• I will not let the outline I’ve prepared for the month get in my way. It’s a starting point to keep writing, not the designation.
  • I won’t let road trips or remodeling projects or family visits or holiday dinners – all of which are scheduled in November – deter me from the goal. I’ll write no matter what.
  • Finally, I will follow Sue Monk Kidd’s example. Every day in November, I will write recklessly.

NaNoWriMo was the genesis of my novel Go Away Home. I’m hoping for the same inspiration, encouragement, and push for my current novel.

Wish me luck. I will see you again in December.

Shameless Self Promotion Note: While I’m writing, you may want to be reading. A reminder that the paperback version of Go Away Home is 40% off – best price this year – until November 20. Possible gift idea?

The Invention of Wings – Review – Historical Fiction

The Invention of Wings, Sue Monk Kidd

I’ve been a fan of Sue Monk Kidd since I read The Secret Life of Bees. So when Kidd released her newest novel The Invention of Wings, historical fiction set in the early 19th century, I was eager to read. The book did not disappoint.

The Invention of Wings tells the story of 11-year-old Sarah Grimké who is given 10-year-old slave girl – Hetty “Handful” Grimké – as a birthday present. The slave is intended to be Sarah’s handmaid for the rest of her life. But Sarah cannot countenance owning another human being and refuses the gift.

Raised by an educated father with educated brothers, Sarah believes she is capable of speaking her mind and being heard. She is quite wrong. Not only does Sarah suffer a speech impediment, she also suffers from being a woman.

Yet she pushes on, her personality encompassed in this early description of herself: “Drawing a breath, I flung myself across the door sill. That was the artless way I navigated the hurdles of girlhood.” Flinging herself forward in spite of obstacles is also the way Sarah navigates the rest of her life.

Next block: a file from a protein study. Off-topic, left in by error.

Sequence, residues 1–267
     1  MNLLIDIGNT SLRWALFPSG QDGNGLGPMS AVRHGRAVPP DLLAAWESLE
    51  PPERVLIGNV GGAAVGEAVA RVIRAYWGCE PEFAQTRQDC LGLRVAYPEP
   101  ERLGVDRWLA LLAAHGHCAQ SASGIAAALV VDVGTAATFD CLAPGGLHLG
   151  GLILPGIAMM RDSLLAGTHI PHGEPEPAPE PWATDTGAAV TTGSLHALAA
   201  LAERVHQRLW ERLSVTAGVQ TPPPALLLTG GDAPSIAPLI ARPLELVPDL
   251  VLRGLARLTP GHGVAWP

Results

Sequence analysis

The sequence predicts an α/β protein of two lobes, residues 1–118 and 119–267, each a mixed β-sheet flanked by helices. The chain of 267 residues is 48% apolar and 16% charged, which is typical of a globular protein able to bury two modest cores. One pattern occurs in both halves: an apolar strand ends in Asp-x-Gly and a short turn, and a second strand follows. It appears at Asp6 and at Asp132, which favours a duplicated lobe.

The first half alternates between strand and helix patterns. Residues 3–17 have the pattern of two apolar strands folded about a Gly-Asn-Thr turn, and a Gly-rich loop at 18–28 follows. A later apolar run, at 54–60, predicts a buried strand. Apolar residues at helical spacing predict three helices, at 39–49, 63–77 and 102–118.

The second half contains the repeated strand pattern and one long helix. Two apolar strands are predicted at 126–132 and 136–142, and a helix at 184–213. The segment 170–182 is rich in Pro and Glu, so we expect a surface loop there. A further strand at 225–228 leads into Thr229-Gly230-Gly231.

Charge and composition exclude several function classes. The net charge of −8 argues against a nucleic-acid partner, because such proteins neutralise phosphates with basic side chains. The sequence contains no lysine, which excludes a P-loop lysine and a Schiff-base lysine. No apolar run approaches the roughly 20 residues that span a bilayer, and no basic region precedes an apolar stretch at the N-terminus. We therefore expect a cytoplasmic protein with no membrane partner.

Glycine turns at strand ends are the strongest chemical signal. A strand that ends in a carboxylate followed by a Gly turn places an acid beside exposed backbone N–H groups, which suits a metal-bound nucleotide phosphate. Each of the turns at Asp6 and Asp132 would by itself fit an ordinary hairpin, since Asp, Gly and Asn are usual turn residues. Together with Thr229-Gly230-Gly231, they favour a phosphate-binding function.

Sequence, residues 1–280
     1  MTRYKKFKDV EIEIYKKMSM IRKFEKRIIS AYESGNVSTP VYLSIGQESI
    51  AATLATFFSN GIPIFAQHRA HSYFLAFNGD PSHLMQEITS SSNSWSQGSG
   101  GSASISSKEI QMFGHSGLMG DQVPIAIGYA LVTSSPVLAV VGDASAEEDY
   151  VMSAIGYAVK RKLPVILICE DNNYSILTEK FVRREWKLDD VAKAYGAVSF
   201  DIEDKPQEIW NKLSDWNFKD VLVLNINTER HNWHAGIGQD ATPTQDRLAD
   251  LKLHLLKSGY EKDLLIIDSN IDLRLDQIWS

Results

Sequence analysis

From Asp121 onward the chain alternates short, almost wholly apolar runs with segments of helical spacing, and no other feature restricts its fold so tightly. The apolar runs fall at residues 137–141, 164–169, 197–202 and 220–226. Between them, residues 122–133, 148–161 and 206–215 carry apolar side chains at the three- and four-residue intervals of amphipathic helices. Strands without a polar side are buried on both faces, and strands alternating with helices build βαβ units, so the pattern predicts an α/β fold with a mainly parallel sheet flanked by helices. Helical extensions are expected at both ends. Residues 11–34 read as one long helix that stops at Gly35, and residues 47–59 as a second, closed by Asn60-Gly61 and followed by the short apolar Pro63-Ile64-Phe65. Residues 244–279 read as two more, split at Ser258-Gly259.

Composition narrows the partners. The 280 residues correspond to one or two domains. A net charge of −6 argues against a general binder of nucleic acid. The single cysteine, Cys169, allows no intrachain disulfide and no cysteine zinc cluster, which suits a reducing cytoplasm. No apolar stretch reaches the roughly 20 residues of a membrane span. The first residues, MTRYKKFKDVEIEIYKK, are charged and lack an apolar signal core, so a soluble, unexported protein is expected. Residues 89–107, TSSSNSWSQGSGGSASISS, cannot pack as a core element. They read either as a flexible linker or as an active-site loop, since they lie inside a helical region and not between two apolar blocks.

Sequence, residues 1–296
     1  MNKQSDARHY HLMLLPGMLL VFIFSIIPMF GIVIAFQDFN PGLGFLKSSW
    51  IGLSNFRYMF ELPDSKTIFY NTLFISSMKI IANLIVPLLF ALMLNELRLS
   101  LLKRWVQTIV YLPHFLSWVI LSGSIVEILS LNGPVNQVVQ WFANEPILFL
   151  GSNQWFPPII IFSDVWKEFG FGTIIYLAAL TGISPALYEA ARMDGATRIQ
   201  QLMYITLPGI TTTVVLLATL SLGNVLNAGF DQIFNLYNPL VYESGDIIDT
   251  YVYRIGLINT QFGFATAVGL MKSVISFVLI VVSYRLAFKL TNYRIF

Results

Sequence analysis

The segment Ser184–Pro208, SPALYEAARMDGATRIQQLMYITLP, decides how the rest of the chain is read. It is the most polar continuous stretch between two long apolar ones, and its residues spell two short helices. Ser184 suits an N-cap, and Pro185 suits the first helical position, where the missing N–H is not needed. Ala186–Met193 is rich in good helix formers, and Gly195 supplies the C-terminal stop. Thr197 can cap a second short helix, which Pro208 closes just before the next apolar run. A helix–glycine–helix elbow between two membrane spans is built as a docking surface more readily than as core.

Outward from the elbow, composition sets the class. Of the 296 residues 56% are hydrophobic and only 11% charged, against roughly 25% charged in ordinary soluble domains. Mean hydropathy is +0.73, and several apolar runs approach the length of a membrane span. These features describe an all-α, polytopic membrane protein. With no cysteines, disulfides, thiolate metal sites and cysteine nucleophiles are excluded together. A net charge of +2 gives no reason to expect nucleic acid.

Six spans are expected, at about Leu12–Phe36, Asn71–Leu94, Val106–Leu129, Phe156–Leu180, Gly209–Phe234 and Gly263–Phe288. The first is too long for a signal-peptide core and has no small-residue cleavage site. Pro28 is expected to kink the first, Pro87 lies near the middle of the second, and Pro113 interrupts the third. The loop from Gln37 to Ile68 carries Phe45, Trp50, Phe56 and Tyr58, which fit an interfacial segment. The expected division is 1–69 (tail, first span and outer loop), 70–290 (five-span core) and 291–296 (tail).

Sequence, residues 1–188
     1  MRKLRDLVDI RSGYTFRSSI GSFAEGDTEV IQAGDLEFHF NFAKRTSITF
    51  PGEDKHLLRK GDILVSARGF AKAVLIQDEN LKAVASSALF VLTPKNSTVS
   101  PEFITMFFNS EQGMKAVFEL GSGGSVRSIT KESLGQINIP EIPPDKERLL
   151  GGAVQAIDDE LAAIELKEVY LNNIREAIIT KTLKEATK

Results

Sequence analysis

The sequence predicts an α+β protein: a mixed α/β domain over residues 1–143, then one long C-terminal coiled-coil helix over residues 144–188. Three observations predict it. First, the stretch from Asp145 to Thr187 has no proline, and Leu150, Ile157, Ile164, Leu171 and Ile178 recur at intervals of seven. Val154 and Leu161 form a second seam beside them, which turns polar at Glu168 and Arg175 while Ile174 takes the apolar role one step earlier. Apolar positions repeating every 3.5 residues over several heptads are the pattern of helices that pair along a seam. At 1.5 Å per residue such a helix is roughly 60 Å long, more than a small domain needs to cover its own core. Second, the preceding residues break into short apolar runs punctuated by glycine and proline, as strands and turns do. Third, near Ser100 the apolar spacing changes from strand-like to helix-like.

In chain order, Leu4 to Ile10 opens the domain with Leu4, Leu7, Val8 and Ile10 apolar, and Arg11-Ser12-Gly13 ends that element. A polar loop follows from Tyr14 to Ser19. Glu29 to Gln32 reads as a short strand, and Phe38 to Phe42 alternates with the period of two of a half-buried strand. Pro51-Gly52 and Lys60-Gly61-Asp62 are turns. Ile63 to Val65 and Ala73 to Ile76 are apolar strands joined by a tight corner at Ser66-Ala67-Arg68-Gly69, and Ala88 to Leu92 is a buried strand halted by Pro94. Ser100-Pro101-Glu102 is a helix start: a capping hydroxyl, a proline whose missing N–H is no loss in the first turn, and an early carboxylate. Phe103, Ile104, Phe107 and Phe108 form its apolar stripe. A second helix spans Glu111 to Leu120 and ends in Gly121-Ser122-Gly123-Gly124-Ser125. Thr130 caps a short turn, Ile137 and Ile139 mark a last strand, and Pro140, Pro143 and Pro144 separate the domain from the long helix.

Meanwhile, Handful (the basket name given by her mauma) or Hetty (the proper name given by her owners) struggles just as mightily with her personality and her circumstances. Even at 10, Handful knows that the story her mother tells her about their people in Africa learning to fly is not true. Yet she engages in a life-long struggle to achieve just that.

Handful describes her dilemma this way: “I always had something smart to say, but my voice had run down my throat like a kitchen mouse.” A paragraph later she adds, “I stopped all my fidget then. My whole self went down in the hole where my voice was. I tried to do what they said God wanted. Obey, be quiet, be still.”

Obeying, being quiet, being still are not in Handful’s nature, exacerbating the challenges she faces but ultimately giving her the courage she needs for the crucial moment when she does fly.

Women finding their voices – figuratively and literally – is a powerful theme of this wonderful novel. The Grimkés are real people who lived in Charleston. Sarah and her younger sister Angelina grow into fearless pioneers in the abolition and women’s rights movements. While Handful is a fictional character, the juxtaposition of the two women – one a black slave and the other a free white – makes their journeys to empowerment all the more striking.

It doesn’t matter station. It doesn’t matter time in history. It doesn’t matter black or white. Women always seek to find their voices, to invent their wings.

As a reader, I found The Invention of Wings totally satisfying. Details of time and place that put me right in the center of the action without overburdening. A plot that intertwined the two stories and moved both along. Suspense. Emotion. A conclusion that wove it all together and did not feel contrived.

As a woman who worked in a male-dominated business and who was ordered at one point to “attend the meeting but don’t talk,” I could relate to the “voice” and empowerment issues Sarah and Handful faced.

As a writer, I am inspired by Sue Monk Kidd’s ability to find fresh ways to describe everything from water to clothing. I admire the way she creates voices for each character that are unique.

With The Invention of Wings, Sue Monk Kidd solidifies her place in the Top 10 of my all-time favorite authors. Do not miss this one.